After some deliberation, we decide we’ll head to Paris for a few days, then go our separate ways: her to Germany and me to God knows where. We book our bus tickets. I walk back to my room, where I have been spending most of my time, and climb into my single bed. I look at my absolute joke of a budget that I’ve managed to accumulate in the month between booking my ticket and flying out, under the guise that accommodation would be free almost the entire trip.

Fuck.

A knock at the door signals Latimer Primrose’s presence, I look up.

“Hey, just letting you know I cancelled my bus ticket to Paris.”

Are you kidding me?

“…Okay, that’s alright! I think I’m just gonna make my own plans from here,” I respond, bearing a smile to hide my frustration.

“Okay!”  she says smiling with little-to-no empathy, quickly turning and making her way back to the lounge room.

Eager to get away from Latimer Primrose sooner, I cancel my bus ticket and book a train ticket two days from now. I manage to pull together an itinerary within the hour with enough money to spare for food, or so I hope.

The night before I leave, Latimer Primrose’s aunt enters my room and sits by me on the bed. We can’t communicate other than in hand gestures and broken English. She makes it clear she is worried about me being alone in Paris. I try and explain that I’ll be okay. I use a paper map that I have of Paris to show her where I will be arriving and staying. I’m not sure she is any more reassured, but she gifts me with a pink t-shirt, sporting a French quote that I’ll never wear. I thank her for the t-shirt, but really I’m thanking her for caring.

The last couple of days pass fast; I wake up two hours before my train, and Latimer Primrose’s sweet aunt makes me breakfast and packs me a lunch to take. The one positive from my short time in Bordeaux was the unwavering hospitality offered by Latimer Primrose’s family, even in light of such events as our high Vs “fight”.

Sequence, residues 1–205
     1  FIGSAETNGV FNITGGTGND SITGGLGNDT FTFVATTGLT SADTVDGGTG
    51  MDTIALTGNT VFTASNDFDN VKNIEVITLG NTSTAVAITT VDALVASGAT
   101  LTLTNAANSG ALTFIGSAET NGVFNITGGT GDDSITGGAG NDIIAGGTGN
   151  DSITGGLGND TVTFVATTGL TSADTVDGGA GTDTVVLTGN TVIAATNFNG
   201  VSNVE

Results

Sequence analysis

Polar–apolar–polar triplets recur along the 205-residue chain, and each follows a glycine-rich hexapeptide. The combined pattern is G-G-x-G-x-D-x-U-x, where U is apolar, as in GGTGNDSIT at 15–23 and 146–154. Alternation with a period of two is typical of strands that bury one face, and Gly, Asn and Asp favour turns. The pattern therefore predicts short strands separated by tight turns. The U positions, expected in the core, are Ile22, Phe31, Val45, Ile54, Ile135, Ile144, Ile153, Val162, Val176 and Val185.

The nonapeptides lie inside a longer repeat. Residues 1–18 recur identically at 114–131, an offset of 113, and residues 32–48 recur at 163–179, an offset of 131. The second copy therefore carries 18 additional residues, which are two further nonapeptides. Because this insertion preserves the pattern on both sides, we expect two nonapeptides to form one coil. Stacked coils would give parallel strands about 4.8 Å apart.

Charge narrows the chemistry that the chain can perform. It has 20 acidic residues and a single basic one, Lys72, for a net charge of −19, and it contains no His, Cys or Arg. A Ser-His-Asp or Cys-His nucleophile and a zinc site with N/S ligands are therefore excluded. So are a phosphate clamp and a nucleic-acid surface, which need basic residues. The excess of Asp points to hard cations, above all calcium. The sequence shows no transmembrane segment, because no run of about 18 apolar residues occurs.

Myself, Latimer Primrose and her 10-year-old cousin who thought it best she came too make our way to the bus stop.

It’s 7am; my train is due to leave in an hour and knowing it takes two separate buses to get to the station, I have a feeling I’m cutting it fine. As we arrive at the second stop, the screen on the bus shelter blinks “15 mins” for the arrival of my bus. It’s now 7:30. I panic for a minute, create an Uber account and book a car, not knowing if it will make any difference.

By the time we’re in the Uber, it’s 7:48. Latimer Primrose asks Alexandre, the driver, to get us there as quickly as possible – perhaps the first useful thing she’s done on this trip. I can just see Alexandre’s bald head from the back seat as he tells me there’s no way I’m making it to the train on time. I cry a little while Latimer Primrose attempts to comfort me and her cousin blinks sadly at me from across the backseat.

Alexandre, being the hero he is, manages to charge through the peak hour traffic, getting to the train station in 12 minutes. This results in me giving him as generous a tip as I can from my tiny budget.

Latimer Primrose and her cousin run ahead of me and I follow their lead. We sprint from the parking bay, into the train station, down the stairs, through the hallway and up the escalator to the platform, still running we make it to the gate. I scan my ticket and as I approach one of the assistants, he waves his hands and tells me I’m too late before erupting in a laugh. hAha.

I’m making my way to my carriage and turn to see Latimer Primrose and her cousin waving at me beaming with joy as if we’d shared the most wonderful eight days of our life together.

Fare-fucking-well, Latimer Primrose.

Photos by the author